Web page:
In capital city Wellington, city council records given reluctantly to Fairfax NZ show 38 premises were issued with cleaning or repair notices in the past financial year, including four that were forced to close.

The list of notices is publicly available information but it was released only after the council told the businesses on the list that it was “extremely reluctant” to provide their names.

Council operations and business development team leader Raaj Govinda said in a letter sent to all premises before the list was released, council was not able to withhold names from the public, though it was “extremely reluctant” to provide the list and “has not done so willingly.”

That will do nothing to build consumer confidence.

Other councils, including Auckland and Palmerston North, list the hygiene ratings for all eateries online.

Yesterday, Govinda said Wellington was considering doing that but it did not want to put businesses at risk.

“In general, council is not in the business of trying to close people. We have got a regulatory duty.”

But unlike the U.S. version of the restaurant lobby, Wellington Restaurant Association president Mike Egan said it was important for restaurants to be held accountable, as closure notices were often a last resort, adding, “Those places would have had ample opportunity normally to put things right and it’s about a failure to either take it seriously or react appropriately.” Putting ratings online could be a “big carrot” for good practice, he said.

We have some experience with restaurant inspection disclosure systems. Even in New Zealand.

Filion, K. and Powell, D.A. 2011. Designing a national restaurant inspection disclosure system for New Zealand.
 
Journal of Food Protection 74(11): 1869-1874
.

The World Health Organization estimates that up to 30% of individuals in developed countries become ill from contaminated food or water each year, and up to 70% of these illnesses are estimated to be linked to food service facilities. The aim of restaurant inspections is to reduce foodborne outbreaks and enhance consumer confidence in food service. Inspection disclosure systems have been developed as tools for consumers and incentives for food service operators. Disclosure systems are common in developed countries but are inconsistently used, possibly because previous research has not determined the best format for disclosing inspection results. This study was conducted to develop a consistent, compelling, and trusted inspection disclosure system for New Zealand. Existing international and national disclosure systems were evaluated. Two cards, a letter grade (A, B, C, or F) and a gauge (speedometer style), were designed to represent a restaurant’s inspection result and were provided to 371 premises in six districts for 3 months. Operators (n = 269) and consumers (n = 991) were interviewed to determine which card design best communicated inspection results. Less than half of the consumers noticed cards before entering the bataligradespremises; these data indicated that the letter attracted more initial attention (78%) than the gauge (45%). Fifty-eight percent (38) of the operators with the gauge preferred the letter; and 79% (47) of the operators with letter preferred the letter. Eighty-eight percent (133) of the consumers in gauge districts preferred the letter, and 72% (161) of those in letter districts preferring the letter. Based on these data, the letter method was recommended for a national disclosure system for New Zealand. http://www.ingentaconnect.com/content/iafp/jfp/2011/00000074/00000011/art00010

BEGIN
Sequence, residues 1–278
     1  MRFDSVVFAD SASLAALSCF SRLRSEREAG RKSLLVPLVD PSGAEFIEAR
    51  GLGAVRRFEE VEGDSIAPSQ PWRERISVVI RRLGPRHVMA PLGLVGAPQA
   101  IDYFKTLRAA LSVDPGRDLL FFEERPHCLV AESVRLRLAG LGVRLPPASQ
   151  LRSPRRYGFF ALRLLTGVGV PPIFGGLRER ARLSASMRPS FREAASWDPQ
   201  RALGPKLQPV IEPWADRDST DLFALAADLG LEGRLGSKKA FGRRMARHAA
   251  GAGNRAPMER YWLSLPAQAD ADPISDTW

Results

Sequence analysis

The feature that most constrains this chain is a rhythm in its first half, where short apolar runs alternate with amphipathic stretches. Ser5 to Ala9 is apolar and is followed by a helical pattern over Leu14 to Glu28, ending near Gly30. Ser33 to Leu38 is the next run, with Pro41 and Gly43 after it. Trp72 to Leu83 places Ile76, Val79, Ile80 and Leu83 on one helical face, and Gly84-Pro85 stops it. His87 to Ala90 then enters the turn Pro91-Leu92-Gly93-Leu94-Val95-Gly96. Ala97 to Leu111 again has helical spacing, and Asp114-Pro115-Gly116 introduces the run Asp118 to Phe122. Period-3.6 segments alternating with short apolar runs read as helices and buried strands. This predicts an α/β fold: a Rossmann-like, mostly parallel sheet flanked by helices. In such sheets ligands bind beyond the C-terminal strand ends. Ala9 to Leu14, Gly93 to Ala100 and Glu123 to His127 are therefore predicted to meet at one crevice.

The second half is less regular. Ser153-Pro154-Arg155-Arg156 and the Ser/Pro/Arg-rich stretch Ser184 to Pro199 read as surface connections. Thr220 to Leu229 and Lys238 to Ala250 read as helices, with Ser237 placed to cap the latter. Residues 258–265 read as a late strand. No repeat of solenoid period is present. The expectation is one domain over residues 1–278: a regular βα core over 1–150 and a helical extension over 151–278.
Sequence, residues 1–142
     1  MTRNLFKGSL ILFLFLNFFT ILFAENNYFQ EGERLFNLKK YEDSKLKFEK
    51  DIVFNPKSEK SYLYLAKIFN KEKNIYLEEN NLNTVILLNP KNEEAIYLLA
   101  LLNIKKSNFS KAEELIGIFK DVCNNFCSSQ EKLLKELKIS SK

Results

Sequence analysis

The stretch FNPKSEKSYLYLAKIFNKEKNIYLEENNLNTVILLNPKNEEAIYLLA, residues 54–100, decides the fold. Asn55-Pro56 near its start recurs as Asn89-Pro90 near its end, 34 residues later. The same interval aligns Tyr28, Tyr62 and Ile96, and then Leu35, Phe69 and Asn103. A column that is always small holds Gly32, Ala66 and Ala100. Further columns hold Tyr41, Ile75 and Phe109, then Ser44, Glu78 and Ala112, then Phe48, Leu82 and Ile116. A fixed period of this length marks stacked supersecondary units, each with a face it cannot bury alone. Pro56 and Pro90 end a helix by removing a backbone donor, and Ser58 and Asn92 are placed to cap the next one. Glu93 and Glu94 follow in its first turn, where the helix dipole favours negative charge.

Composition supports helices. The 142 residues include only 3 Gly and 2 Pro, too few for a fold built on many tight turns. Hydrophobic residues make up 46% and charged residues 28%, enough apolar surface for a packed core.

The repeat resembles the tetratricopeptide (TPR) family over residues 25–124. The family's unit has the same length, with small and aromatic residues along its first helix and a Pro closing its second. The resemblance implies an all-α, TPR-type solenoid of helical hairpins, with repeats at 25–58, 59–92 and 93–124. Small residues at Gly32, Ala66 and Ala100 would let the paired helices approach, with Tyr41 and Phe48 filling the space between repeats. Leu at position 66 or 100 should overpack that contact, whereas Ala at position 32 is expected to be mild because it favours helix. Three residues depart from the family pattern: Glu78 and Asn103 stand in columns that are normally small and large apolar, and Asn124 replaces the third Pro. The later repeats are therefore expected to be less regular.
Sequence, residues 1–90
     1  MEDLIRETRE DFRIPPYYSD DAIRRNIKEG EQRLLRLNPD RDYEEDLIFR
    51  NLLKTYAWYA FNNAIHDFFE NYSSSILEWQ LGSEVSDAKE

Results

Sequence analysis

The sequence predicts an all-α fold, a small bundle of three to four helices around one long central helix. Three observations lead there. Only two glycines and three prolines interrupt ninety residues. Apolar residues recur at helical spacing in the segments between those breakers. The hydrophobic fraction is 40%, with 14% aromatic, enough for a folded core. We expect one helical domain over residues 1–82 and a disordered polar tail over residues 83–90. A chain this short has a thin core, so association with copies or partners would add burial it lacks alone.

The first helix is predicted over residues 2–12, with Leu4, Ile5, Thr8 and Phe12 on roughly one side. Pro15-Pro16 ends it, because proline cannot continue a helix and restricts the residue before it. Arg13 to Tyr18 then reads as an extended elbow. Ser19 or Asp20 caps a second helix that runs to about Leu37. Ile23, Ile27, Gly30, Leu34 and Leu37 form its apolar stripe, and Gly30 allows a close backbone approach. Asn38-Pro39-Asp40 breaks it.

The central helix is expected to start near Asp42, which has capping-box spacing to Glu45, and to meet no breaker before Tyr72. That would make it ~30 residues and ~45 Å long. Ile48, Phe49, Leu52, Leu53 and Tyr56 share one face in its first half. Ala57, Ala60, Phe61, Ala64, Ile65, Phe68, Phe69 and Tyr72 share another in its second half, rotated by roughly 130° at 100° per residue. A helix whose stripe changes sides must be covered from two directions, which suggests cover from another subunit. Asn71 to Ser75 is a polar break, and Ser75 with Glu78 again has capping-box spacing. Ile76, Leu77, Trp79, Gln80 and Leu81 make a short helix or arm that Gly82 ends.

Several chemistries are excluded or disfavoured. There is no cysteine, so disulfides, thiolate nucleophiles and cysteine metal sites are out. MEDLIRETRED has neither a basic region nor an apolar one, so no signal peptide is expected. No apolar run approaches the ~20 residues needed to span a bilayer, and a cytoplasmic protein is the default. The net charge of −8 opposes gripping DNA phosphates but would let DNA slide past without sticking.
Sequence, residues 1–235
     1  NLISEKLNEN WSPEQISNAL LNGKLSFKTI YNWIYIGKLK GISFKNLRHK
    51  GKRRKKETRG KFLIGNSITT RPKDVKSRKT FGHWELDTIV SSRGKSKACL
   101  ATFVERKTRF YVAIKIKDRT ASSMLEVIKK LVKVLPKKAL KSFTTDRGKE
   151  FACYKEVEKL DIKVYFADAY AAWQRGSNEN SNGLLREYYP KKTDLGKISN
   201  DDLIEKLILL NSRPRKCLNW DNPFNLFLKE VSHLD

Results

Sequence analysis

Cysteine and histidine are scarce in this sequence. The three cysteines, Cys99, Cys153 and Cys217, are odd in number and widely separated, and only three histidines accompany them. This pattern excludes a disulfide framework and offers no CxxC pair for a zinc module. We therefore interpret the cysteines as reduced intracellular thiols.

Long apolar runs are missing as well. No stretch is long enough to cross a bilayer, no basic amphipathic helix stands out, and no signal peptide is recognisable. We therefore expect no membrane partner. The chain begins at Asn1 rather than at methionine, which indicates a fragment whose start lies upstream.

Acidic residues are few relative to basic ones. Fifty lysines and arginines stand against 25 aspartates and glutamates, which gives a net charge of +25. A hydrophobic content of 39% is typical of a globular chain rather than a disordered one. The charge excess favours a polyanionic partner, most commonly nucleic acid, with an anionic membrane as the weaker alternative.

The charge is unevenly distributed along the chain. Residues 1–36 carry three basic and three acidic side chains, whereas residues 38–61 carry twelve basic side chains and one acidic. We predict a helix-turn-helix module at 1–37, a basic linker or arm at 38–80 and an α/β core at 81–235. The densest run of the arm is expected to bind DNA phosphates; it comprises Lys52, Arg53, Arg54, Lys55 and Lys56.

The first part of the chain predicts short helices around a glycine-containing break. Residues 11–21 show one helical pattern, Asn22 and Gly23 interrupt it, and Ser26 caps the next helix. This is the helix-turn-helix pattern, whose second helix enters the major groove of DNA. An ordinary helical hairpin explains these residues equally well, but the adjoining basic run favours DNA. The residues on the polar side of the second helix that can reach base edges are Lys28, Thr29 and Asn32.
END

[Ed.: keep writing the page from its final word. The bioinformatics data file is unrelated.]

Filion, K. and Powell, D.A. 2009. The use of restaurant inspection disclosure systems as a means of communicating food safety information. Journal of Foodservice 20: 287-297.

The World Health Organization estimates that up to 30% of individuals in developed countries become ill from food or water each year. Up to 70% of these illnesses are estimated to be linked to food prepared at foodservice establishments. Consumer confidence in the safety of food prepared in restaurants is fragile, varying significantly from year to year, with many consumers attributing foodborne illness to foodservice. One of the key drivers of restaurant choice is consumer perception of the hygiene of a restaurant. Restaurant hygiene information is something consumers desire, and when available, may use to make dining decisions.

 

Christmas party norovirus outbreak in NZ

Twenty-two people were ill with norovirus after a work Christmas party at an Upper Hutt restaurant in New Zealand.

Wellington medical officer of health Margot McLean said 22 of 39 people who dined at the restaurant last Saturday night all became ill between 10 and 50 hours after the meal.

Some vomited while others had diarrhea. Laboratory tests confirmed today the presence of norovirus.

She would not name the restaurant but said the diners were all in the same workplace party.

”Norovirus is spread from person to person and it was mostly caused by somebody who was ill, either a food handler or possibly somebody else, who spread it. We don’t know for sure.”

She said this restaurant and all restaurants were advised to ensure food handlers who were ill with vomiting or diarrhea to stay off work for 48 hours.

”I guess the amount of these type of functions go up and its easier to identify outbreaks when this happens because there is a whole bunch of people who all come back and talk about it and ring Public Health.”

NZ ‘grim eater’ banned from funerals

Part of the premise in the movie, Wedding Crashers, besides the potential for a partner, was the great food. How much could Vince Vaughan eat? Did anyone want to find out? Then, the Owen Wilson character hits bottom and starts crashing funerals to hit on women in emotional distress, or something like that.

Now news from Wellington, New Zealand, where a man dubbed the ‘grim eater’ has been banned from funerals after attending up to four ceremonies a week and even taking home leftovers in a doggy bag.

Danny Langstraat, a director of Harbour City Funeral Home in Wellington, said,

"He was showing up to funeral after funeral and, without a doubt, he didn’t know the deceased. We saw him three or four times a week. Certainly, he had a backpack with some Tupperware containers so, when people weren’t looking, he was stocking up.”